15 Baltimore Teams That Didn’t Make It
By Joe Platania (Press Box, 3-12-2012)
Baltimoreans are a practical lot. If you have a business of any kind that showcases consistency and success, the people here will support you for a long time.
The same is true with sports franchises. The Baltimore Grand Prix was well attended during its inaugural year, but had financial troubles, which led to the dissolution of Baltimore Racing Development’s contract with the city and a new agreement with Downforce Racing, which may salvage this event for the next few years.
But what about those teams that didn’t quite make it? Here is a list of some of the franchises that called Baltimore home for a short time … before time ran out, that is:
1. Baltimore Banners
The World Team Tennis franchise was one of the league’s charter members in 1974, but lasted just a half-season, despite the star power of legend Jimmy Connors, who was named one of only four WTT All-Time All-Stars. It was an experimental era for all sports; the 16-team WTT was born the same year as the ill-fated World Football League. The league is currently in its fourth incarnation.
2. Baltimore Claws
Briefly called the Hustlers, the American Basketball Association’s Claws came to town in 1975 in the wake of the troubles Memphis was having supporting its team. Two of its best-known players were big man Mel Daniels and Dunbar High legend Skip Wise, who was coming off a great freshman year at Clemson. Money troubles forced the team to fold after just three preseason games; players reported later that they were able to take some of the team’s furniture out of the Civic Center in lieu of paychecks.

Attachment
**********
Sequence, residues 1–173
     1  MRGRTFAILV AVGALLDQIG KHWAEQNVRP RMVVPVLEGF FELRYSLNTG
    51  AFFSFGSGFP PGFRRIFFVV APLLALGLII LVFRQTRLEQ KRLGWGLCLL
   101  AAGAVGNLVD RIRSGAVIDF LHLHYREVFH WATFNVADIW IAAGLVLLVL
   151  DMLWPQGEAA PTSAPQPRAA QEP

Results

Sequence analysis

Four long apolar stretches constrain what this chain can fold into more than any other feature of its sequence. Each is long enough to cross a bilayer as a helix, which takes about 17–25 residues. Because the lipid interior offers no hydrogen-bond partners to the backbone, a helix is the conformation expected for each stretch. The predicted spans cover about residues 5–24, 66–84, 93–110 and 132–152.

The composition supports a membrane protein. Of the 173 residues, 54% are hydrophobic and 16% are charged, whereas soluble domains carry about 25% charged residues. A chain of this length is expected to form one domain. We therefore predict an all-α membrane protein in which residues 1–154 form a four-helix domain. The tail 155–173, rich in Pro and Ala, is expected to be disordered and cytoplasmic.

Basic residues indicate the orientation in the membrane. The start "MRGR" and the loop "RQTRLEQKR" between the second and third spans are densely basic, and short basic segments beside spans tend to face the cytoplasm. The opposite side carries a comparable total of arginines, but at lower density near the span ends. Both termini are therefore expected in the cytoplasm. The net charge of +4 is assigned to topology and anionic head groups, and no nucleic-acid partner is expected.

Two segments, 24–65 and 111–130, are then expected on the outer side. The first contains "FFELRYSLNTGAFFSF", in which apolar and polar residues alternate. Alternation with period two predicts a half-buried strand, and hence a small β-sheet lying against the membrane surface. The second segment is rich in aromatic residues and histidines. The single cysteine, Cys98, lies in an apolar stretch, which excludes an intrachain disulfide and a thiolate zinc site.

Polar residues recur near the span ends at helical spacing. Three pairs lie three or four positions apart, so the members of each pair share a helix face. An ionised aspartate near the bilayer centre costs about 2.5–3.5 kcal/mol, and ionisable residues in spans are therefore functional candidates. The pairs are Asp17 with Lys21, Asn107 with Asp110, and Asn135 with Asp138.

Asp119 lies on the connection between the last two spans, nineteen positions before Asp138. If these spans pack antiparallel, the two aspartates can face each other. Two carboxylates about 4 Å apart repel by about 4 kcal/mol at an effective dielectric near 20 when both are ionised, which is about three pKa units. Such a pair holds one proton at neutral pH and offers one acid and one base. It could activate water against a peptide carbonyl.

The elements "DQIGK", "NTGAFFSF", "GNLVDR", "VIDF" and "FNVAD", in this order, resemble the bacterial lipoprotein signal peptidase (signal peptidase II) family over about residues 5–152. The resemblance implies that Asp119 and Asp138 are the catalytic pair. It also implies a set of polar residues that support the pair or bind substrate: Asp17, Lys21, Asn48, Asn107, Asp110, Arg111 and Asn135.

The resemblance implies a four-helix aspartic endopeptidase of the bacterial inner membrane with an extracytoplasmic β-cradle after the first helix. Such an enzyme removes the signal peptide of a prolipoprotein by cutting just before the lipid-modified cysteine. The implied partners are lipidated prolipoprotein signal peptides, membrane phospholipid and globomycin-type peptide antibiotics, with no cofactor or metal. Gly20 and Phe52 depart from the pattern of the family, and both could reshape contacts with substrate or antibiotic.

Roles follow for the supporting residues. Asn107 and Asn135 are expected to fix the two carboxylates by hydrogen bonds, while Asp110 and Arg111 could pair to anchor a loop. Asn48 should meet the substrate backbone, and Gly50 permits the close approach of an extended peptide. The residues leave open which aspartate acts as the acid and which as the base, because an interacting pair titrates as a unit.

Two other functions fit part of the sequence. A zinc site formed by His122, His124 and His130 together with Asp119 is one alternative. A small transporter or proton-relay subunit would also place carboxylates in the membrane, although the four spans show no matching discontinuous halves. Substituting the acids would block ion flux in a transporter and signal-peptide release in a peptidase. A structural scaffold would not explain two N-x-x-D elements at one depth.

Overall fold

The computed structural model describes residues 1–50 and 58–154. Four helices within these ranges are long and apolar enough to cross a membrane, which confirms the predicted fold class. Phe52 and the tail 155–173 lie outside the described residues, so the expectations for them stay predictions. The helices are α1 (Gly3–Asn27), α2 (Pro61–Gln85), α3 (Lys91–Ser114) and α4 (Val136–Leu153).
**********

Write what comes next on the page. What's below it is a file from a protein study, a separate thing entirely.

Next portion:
3. Baltimore Metros
The Continental Basketball Association made several forays into this area, the first being a 1978-79 team that was so unstable in its management, it was practically a barnstorming outfit. This franchise began its existence as the Atlantic City Hi-Rollers. After stops in Washington D.C. and Baltimore, the Metros moved to Utica, N.Y., and became the Mohawk Valley Thunderbirds and then the Utica Olympics before folding in 1980.
4. Baltimore Bullets
No, it’s not the team you’re thinking of, the one that moved here from Chicago and played in the NBA from 1963-72 before moving to Washington and eventually becoming the Wizards. Nor is it the Bullets that won the 1948 NBA title. This bunch played in the old Baltimore Coliseum from 1958-61, making the Eastern Professional Basketball League finals in 1960 and winning the title the following year before moving to Camden, N.J.
5. Baltimore Lightning
The CBA gave it another go in this area with the birth of the Lightning, a team that played its home games in the Towson Center, at what was then called Towson State University, during the 1985-86 season. Money problems and a lack of fan support doomed the team, which had moved here from Lancaster, Pa., and eventually wound up in Rockford, Ill.
Continue reading “15 Short-Lived Baltimore Sports Experiments” at http://www.pressboxonline.com/story.cfm?id=8747.
Baltimore Hustlers/Claws @ http://www.remembertheaba.com/baltimore-claws.html